“Twenty-three skidoo to you too, muthahubba,” Paul muttered to the omni-pleasant voice that emanated from the tube’s bullet casing. One person, one route, one mission, get the fleshy bits from point A, the Reception atrium, to point B, whatever floor you worked on, you little plebian, you. As fate would have it, Paul worked on floor twenty-three. He did not have to tell the tubevator this, of course, it compared and contrasted his trex’s serial number with Paul’s registered assignment space. It was just, for the past two months, the damned thing kept saying “twenty-three skidoo” to him every time he was a minute or two late. It was a weird joke, he was sure, a prank pulled by some maintenance drone bored out of his nut, but he hadn’t the faintest idea what, exactly, it meant.
Link to part 1
Now Paul was angry. Whatever had just happened, whatever that “hemorrhage” was, it had stirred up painful memories from years past. Things better left to Retirement. The swirling circles of the ceiling were pissing him off as well. What business had they doing in his world? All opulent and grand and haughty and, he couldn’t help feeling, they weren’t jetted out of a trex. Double-you-tee-eff.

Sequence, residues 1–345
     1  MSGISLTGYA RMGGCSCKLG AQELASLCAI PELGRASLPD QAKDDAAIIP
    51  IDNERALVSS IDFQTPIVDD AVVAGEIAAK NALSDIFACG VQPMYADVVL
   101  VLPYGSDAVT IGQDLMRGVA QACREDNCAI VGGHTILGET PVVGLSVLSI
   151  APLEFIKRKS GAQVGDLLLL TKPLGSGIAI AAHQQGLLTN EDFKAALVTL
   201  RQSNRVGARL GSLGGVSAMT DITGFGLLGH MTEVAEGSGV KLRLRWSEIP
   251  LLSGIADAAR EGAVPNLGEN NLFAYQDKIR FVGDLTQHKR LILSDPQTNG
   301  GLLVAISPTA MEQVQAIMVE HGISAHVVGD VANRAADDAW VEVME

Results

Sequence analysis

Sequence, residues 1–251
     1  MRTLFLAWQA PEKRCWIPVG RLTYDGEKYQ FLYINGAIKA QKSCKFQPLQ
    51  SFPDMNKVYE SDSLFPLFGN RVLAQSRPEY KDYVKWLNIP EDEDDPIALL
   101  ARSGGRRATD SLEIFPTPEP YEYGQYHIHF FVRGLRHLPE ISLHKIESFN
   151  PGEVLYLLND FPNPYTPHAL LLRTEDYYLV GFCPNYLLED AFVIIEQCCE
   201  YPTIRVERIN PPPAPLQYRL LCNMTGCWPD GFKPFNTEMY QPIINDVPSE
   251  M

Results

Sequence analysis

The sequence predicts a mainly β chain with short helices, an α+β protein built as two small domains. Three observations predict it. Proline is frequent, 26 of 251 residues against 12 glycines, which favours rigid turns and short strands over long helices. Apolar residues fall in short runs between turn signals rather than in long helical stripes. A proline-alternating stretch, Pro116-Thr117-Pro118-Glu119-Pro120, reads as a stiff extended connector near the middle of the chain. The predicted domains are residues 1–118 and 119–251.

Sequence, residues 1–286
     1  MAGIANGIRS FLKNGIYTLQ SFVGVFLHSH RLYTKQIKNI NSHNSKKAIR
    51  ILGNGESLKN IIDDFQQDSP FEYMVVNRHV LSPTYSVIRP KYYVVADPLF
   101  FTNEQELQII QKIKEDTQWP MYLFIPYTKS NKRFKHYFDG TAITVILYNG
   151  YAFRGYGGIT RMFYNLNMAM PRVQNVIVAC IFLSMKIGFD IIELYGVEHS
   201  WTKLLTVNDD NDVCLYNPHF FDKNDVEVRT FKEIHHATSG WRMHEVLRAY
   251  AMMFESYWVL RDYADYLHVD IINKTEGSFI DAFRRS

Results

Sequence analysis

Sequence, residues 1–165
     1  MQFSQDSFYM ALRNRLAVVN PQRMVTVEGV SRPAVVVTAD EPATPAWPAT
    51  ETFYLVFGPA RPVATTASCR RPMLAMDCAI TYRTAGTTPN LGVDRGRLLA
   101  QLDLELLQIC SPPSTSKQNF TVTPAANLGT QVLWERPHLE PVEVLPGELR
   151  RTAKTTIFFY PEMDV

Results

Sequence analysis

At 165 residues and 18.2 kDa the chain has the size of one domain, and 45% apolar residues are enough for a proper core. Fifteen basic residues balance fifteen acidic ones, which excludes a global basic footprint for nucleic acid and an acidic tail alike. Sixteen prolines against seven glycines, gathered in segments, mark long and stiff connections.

Paul woke up on the couch with lady hovering over him. He felt numb and woozy, with an itching sensation in the middle of his skull. Why am I attracted to you, Lady? You’re obviously terribly and completely bad for me.
“I didn’t realize my talk was so powerful,” she laughed.